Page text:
A Black Man’s Struggle is Not a Black Woman’s Success

by Samone Hamilton I recently read an article on The Root by Diana Ozemebhoya Eromosele titled, “...


by Samone Hamilton

I recently read an article on The Root by Diana Ozemebhoya Eromosele titled, “Michael Brown’s Death Reopened My Eyes to My Privileges as a Black Woman.”

The title alone elicited a major side eye, but I put my skepticism aside long enough to read on. In the article, Eromosele comes to an epiphany about the “privileges [she has] being a black woman in America.” This grand awakening was based upon two friends sharing their “tactics” for avoiding potentially life-threatening confrontations as they navigate being Black men in America. She marveled at advice as basic as, “It is dangerous to get in arguments with drunk men.” After reading up to this point, I was certain I was being trolled by parody journalism and had to recheck the URL to confirm I was still on The Root’s website. (I was.)



She also discussed how her male friend’s avoiding white women while walking down the sidewalk was a form of “self-editing,” so as not to scare them with his black male presence. The author concluded that because black women are not required to “self-edit” in order to survive, we are more privileged than black men.

This is simply not true.

It will forever be a grave miscalculation to compare the plight of black women to that of our fellow black men, and then conclude that we have more privilege within the U.S.: "You got whipped 50 times, but I only got whipped 49 ... so I must be more privileged than you."

This author’s enlightening moment of her “privilege” as a black woman came to her during an incident in which she did not know when it was unacceptable to engage in conversations with drunken fools, but the friend she came with—who happened to be a black man—did. This should not be mistaken for privilege by any means. And while Michael Brown’s death is a horrific tragedy that illustrates just how little mainstream society values black men and black lives, it does not tell us that black women have “more privilege.”

Knowing when it is not OK to engage in arguments with intoxicated people is not knowledge the author’s friend gained by being an “unprivileged” black man. Again, it’s basic common sense to know that debating with a belligerent drunk is more likely to end in violence than it will a pleasant resolution to a conflict. The fact she had not yet learned that simple lesson speaks more to her individual privilege and sheltering than it does to the privilege of black women as a whole.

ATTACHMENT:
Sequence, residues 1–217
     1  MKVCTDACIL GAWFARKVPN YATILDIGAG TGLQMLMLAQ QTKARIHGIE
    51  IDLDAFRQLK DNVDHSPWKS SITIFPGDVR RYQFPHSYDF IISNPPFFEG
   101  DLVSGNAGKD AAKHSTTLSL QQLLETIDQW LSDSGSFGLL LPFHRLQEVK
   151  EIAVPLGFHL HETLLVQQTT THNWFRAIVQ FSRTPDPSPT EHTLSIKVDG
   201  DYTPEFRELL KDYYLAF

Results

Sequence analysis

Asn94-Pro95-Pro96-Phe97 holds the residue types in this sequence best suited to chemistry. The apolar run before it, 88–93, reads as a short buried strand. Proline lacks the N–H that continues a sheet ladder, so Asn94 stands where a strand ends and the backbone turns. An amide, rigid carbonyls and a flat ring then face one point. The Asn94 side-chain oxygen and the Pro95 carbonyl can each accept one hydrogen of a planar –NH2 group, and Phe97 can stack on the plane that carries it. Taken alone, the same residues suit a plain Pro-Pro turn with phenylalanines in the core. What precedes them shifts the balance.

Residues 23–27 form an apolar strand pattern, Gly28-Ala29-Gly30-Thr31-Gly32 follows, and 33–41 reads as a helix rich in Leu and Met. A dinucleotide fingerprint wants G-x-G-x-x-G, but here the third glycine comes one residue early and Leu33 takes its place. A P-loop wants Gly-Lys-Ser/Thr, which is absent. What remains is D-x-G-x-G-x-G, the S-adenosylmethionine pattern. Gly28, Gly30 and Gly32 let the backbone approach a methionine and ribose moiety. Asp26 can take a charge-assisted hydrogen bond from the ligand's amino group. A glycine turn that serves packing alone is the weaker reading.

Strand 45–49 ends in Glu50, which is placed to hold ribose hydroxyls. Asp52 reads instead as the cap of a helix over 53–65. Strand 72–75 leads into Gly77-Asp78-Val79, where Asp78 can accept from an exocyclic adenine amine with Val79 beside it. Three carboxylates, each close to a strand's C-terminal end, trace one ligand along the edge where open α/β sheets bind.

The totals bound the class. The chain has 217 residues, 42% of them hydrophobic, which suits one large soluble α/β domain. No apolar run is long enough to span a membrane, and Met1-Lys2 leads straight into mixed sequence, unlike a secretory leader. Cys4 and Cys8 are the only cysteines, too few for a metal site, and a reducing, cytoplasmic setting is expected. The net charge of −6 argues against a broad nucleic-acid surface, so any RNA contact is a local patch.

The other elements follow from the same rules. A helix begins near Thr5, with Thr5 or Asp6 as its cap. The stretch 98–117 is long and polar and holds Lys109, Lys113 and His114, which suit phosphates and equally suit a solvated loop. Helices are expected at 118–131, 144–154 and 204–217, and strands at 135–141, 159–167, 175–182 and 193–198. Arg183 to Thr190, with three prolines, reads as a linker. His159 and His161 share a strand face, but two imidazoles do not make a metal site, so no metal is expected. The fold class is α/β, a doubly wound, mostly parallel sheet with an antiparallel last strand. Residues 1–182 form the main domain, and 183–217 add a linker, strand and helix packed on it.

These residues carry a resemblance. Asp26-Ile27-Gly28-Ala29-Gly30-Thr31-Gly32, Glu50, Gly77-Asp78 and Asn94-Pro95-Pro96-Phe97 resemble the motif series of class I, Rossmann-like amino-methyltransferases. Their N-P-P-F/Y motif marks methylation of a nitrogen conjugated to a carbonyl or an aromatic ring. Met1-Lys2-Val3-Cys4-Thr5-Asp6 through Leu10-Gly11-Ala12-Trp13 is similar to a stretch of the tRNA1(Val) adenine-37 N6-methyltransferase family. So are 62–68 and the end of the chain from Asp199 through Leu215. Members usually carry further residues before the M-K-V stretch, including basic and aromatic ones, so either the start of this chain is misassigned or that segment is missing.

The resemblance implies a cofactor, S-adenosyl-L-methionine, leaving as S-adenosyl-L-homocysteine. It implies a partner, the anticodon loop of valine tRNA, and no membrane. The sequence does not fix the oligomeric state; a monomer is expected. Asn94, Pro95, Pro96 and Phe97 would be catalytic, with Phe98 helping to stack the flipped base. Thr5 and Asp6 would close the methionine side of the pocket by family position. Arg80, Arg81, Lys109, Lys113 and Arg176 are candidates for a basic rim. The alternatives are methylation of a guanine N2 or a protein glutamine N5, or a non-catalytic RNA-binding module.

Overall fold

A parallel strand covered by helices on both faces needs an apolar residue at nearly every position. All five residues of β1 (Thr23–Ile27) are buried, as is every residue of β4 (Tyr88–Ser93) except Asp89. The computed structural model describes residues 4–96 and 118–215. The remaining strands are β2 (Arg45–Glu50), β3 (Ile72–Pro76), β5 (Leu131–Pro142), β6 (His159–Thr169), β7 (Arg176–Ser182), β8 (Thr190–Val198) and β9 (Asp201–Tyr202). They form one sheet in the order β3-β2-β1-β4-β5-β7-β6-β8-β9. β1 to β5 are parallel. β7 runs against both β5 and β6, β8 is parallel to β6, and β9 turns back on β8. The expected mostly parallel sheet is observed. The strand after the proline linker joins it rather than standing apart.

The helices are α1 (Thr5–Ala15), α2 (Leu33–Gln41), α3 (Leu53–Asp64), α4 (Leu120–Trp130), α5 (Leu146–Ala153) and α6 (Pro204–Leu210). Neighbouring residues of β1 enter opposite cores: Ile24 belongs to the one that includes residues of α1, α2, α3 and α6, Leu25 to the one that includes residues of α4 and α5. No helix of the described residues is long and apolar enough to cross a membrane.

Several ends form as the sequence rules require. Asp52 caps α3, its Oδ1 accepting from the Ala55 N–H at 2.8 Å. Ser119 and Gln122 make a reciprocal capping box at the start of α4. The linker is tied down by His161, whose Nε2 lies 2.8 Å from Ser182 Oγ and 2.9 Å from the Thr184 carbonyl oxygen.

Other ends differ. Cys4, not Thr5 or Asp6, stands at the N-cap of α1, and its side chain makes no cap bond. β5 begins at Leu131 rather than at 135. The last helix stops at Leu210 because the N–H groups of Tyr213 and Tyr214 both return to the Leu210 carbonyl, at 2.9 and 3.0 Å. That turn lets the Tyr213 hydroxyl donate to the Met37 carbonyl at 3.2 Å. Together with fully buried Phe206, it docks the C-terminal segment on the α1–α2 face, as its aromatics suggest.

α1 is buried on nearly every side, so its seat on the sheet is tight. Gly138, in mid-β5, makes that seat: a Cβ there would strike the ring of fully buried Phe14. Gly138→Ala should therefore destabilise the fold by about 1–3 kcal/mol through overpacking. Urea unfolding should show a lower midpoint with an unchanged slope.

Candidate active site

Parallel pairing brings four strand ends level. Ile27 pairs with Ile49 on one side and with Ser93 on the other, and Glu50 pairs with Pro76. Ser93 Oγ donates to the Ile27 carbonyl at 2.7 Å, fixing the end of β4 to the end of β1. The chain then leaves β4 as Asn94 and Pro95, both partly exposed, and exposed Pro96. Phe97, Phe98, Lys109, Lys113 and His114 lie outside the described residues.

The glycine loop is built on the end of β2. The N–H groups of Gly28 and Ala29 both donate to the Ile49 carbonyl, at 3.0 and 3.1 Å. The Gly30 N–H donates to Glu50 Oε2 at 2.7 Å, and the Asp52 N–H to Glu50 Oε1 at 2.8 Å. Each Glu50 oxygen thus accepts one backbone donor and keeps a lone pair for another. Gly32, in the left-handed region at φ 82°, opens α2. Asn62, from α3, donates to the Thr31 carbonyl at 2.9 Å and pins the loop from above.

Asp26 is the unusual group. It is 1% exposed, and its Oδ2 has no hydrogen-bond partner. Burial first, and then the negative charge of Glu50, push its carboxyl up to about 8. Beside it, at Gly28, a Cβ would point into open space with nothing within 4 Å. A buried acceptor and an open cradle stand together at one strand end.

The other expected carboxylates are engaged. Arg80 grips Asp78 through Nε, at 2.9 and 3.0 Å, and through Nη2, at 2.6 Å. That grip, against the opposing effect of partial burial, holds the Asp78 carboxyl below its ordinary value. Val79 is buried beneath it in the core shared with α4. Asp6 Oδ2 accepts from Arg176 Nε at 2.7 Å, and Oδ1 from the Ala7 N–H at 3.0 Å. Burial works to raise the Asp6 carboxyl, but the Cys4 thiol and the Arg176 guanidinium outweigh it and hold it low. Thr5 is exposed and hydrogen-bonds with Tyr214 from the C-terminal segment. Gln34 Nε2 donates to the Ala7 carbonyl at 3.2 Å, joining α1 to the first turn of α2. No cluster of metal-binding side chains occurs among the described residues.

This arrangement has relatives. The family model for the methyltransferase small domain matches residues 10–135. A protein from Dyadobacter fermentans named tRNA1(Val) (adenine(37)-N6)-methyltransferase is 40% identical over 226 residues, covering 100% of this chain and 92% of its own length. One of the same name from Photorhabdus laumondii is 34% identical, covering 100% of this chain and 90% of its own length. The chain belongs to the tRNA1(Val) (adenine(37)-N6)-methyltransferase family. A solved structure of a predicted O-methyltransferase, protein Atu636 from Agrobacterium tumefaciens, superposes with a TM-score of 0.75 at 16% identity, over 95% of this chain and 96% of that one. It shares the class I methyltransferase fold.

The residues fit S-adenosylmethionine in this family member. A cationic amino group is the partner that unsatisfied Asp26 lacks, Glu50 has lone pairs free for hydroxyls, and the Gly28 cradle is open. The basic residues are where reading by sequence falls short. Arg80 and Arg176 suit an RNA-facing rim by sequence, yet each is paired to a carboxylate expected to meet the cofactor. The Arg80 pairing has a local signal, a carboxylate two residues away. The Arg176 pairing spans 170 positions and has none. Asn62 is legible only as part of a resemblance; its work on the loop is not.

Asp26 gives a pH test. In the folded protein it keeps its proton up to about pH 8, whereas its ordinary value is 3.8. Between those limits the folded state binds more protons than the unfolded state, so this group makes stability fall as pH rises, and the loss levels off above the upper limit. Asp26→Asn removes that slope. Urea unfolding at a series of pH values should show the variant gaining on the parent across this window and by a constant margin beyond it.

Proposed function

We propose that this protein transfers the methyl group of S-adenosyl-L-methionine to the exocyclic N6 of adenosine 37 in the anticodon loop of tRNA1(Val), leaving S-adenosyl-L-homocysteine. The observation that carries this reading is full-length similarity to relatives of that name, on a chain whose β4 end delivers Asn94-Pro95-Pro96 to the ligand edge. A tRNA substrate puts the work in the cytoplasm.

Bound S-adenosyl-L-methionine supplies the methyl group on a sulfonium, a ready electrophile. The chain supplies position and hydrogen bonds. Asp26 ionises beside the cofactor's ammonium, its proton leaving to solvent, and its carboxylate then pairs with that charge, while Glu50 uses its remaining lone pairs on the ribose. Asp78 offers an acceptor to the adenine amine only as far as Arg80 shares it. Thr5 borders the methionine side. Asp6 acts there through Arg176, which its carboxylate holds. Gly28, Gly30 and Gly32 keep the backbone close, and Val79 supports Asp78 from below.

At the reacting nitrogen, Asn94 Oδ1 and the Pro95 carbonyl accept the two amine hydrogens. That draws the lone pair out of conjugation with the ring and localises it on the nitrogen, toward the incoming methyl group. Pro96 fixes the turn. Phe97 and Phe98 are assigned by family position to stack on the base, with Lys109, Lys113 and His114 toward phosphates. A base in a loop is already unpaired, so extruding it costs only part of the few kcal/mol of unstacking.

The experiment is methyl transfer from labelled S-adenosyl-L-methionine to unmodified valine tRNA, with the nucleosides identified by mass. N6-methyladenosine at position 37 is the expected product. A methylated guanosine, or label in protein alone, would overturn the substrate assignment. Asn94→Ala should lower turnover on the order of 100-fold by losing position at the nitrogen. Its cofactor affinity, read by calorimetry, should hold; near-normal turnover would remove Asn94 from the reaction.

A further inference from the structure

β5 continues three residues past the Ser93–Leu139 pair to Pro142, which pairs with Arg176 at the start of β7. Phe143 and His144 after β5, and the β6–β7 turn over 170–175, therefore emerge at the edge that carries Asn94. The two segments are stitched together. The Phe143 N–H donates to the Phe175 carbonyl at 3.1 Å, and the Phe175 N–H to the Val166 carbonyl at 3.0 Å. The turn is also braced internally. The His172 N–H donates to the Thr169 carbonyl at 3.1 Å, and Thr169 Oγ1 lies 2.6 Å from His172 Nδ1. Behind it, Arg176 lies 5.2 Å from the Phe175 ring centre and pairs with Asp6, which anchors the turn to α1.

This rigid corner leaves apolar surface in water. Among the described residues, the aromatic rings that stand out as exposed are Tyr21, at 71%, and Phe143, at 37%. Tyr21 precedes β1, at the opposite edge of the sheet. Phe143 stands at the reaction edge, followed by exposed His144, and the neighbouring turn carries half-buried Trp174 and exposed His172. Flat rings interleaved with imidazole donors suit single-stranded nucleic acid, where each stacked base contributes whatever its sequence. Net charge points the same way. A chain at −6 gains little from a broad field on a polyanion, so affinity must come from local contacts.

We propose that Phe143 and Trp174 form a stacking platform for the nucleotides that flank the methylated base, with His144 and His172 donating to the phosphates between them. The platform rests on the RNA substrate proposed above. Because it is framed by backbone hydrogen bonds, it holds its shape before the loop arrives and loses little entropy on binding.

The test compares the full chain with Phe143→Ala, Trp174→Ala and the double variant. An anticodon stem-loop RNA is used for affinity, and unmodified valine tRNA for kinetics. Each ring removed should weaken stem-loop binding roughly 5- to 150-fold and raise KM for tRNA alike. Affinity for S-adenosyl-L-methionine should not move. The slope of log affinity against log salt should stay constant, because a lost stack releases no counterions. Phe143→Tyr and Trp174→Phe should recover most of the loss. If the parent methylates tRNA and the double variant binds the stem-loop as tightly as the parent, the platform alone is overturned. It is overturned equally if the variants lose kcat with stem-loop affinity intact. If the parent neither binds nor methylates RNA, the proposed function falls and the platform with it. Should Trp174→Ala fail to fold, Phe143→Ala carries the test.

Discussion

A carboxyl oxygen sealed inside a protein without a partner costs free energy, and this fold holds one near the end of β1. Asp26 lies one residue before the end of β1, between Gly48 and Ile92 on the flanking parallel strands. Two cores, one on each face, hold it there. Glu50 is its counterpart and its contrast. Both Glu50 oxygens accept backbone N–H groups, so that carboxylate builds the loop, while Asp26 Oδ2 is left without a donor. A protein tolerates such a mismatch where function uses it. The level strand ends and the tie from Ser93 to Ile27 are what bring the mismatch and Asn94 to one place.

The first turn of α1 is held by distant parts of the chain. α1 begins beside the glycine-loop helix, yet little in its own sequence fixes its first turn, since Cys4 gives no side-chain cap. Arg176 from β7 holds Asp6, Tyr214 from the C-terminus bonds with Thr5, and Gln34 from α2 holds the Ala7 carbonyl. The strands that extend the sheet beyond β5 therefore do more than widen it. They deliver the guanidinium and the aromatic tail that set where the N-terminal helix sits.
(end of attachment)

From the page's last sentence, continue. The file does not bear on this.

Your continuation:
If one insists on opening up a discussion about the alleged privileges of black woman in America compared to those of black men, there are numerous women who would love to join in the conversation, but cannot: Yvette Smith, Shantel Davis, Sharmel Edwards, Tyisha Miller, Shereese Francis, Aiyana Jones, and Tarika Wilson… just to name a few. All black. All women. All murdered by police. All unarmed. Michael Brown's death has made international news, yet these seven women’s names and their stories have never crossed the lips of even a third of the citizens in this country. Tell me again, how is invisibility and erasure a privilege?

And the idea that black women do not have to “self-edit” themselves to fit into white spaces is ludicrous. What about Vanessa VanDyke, the 12-year-old black girl who complained to her school about being picked on and bullied for wearing her hair in its natural state? How did the school respond? Vanessa faced expulsion if she did not cut off her natural hair, because the school labeled it a "distraction."

Does that sound like "privilege” to you?

Vanessa experienced the same pressure that many professional black women face when wearing their hair in its natural state. These women must decide between straightening their hair, to seem “more professional” and to keep their jobs. Recently, People Magazine’s Twitter account felt the wrath of “Black Twitter” when they made this comment about Olivia Pope’s appearance: “Olivia’s back to straight hair, so you KNOW she means business.” How we wear our hair is only one part of the struggle black women go through to “self-edit” ourselves to appeal to Whiteness. Self-editing is not something that is only experienced by black men.

So next time someone feels it is necessary to use Michael Brown’s murder to educate us on what it means to be a “privileged” black women in America, please remember Vanessa. Remember Yvette. Remember Tarika. Remember you. Remember me.

The struggle for equality in America is not a competition between marginalized groups (e.g. black women, white men, Hispanic people, LGBT people, etc.). It is a struggle for universal equality for every person, regardless of how they identify or how their identities intersect. The experiences of our sisters should never be measured against the those of our brothers, and vice versa.

The black man’s struggle is not indicative of the black woman’s success.

Samone Hamilton is a 24-year-old third year law student at The University of Texas School of Law. She is currently studying International Intellectual Property Law overseas at Queen Mary University of London.
Email her Samone.Hamilton@utexas.edu
or tweet her @SamoneHamilton

You Might Also Like

0 speak

Flickr Images